Taking the Pulse: perceptions of crime trends and community safety and support for crime control methods in the Canadian Prairies

  • Ian V. McPhail University of Saskatchewan
  • Mark E. Olver University of Saskatchewan
  • Carolyn Brooks University of Saskatchewan
Keywords: Public perceptions of crime, punishment, alternatives to punishment

Abstract

The present study analyzed crime survey data extracted from the 2012 Saskatchewan Taking the Pulse survey on a sample of 1,700 adult Saskatchewan residents. The focus was on examining perceptions of crime trends, perceived effectiveness of various methods for controlling crime, and their sociodemographic correlates. The majority of survey respondents perceived crime in general to be on the rise (37%) or to have not changed at all (48%) over the last three years. Individuals who perceived crime to have decreased were significantly more likely to support alternatives to punishment as effective methods for reducing crime, while individuals who perceived crime to be on the rise were twice as likely to support the use of punitive methods. Perceptions of community safety were unrelated to preference for one crime reduction method over another. Education level was inversely related to crime trend perceptions (r = -.14) and preference for punitive methods to reduce crime (r = -.20). Finally, the results of logistic regression indicated higher levels of education, higher income, and perceptions of crime decreasing were all uniquely associated with a preference for alternatives to punishment in reducing crime. In these analyses, younger age was predictive of a preference for alternatives in reducing youth crime, while urban residential setting was associated with a preference for alternatives to punishment in reducing crime in general.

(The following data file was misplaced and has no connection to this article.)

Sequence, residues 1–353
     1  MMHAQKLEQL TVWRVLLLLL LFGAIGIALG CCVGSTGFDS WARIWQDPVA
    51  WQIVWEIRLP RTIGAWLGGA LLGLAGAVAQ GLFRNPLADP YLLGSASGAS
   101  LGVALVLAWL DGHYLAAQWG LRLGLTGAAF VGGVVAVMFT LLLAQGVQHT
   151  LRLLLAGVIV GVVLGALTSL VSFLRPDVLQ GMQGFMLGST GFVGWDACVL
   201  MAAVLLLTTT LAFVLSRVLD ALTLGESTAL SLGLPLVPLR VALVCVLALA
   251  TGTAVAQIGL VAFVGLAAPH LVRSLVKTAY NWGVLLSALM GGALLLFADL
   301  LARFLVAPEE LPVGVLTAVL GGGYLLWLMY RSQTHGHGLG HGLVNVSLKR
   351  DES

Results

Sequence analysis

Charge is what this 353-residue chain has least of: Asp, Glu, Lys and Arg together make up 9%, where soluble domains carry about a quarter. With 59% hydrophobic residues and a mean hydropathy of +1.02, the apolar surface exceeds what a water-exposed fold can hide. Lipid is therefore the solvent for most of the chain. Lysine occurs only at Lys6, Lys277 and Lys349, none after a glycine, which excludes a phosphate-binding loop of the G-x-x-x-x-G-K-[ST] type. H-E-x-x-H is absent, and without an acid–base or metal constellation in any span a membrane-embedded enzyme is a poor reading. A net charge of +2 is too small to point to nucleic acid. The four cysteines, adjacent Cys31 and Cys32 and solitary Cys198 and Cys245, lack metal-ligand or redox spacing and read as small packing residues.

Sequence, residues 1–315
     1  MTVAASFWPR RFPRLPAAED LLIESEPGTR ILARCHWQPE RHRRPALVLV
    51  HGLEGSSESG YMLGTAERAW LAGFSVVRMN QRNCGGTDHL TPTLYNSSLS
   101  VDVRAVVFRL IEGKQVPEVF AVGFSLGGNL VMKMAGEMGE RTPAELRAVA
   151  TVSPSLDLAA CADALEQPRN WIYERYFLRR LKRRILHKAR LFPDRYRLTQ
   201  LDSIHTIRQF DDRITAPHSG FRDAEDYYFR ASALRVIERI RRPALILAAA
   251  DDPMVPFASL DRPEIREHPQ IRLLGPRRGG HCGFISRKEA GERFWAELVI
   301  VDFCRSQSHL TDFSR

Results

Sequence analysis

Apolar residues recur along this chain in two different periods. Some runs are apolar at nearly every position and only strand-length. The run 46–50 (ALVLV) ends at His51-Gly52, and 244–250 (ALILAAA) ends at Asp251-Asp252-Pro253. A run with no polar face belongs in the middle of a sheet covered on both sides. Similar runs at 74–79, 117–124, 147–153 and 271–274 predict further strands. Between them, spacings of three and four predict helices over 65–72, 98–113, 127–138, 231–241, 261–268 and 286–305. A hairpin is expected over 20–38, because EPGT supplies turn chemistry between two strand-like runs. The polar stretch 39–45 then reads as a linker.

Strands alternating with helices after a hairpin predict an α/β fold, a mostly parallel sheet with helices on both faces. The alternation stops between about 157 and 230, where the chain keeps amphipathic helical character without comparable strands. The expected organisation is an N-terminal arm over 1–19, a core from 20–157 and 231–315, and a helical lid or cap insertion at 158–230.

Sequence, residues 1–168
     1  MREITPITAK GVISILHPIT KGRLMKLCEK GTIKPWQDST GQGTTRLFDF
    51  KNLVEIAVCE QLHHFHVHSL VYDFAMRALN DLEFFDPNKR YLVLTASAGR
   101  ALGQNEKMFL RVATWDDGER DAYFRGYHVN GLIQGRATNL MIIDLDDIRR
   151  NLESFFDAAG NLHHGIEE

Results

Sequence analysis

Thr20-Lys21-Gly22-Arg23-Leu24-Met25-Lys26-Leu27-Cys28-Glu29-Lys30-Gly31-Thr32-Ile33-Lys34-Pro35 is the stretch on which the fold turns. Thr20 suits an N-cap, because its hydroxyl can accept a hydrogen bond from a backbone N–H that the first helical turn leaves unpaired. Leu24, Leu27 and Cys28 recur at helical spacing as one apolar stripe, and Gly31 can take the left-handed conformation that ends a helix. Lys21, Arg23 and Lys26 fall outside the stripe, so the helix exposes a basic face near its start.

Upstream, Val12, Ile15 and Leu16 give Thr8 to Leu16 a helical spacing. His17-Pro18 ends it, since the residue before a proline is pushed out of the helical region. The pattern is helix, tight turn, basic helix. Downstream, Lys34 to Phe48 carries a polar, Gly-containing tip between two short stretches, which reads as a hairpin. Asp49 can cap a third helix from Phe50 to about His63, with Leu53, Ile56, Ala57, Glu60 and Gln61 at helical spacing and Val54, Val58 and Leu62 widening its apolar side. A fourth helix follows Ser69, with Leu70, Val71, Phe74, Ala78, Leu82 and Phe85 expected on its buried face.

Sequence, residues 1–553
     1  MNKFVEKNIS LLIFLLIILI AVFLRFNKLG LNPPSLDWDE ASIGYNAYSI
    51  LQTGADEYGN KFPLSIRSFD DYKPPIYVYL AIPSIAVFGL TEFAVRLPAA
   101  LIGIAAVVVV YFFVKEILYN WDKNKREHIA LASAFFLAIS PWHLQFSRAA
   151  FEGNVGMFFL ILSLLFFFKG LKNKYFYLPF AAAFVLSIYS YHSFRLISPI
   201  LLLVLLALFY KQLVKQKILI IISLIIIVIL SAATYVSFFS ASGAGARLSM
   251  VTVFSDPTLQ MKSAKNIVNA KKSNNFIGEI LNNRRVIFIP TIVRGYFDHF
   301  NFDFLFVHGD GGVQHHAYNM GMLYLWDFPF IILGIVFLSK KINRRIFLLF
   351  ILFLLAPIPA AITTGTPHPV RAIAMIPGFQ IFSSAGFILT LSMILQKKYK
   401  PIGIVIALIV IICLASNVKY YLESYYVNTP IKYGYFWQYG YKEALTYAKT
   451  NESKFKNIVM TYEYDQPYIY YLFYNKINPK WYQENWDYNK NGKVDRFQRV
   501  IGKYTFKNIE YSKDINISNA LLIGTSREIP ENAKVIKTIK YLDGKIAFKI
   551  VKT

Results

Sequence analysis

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Published
2017-06-28
How to Cite
McPhail, I. V., Olver, M. E., & Brooks, C. (2017). Taking the Pulse: perceptions of crime trends and community safety and support for crime control methods in the Canadian Prairies. Journal of Community Safety and Well-Being, 2(2), 43-50. https://doi.org/10.35502/jcswb.40
Section
Original Research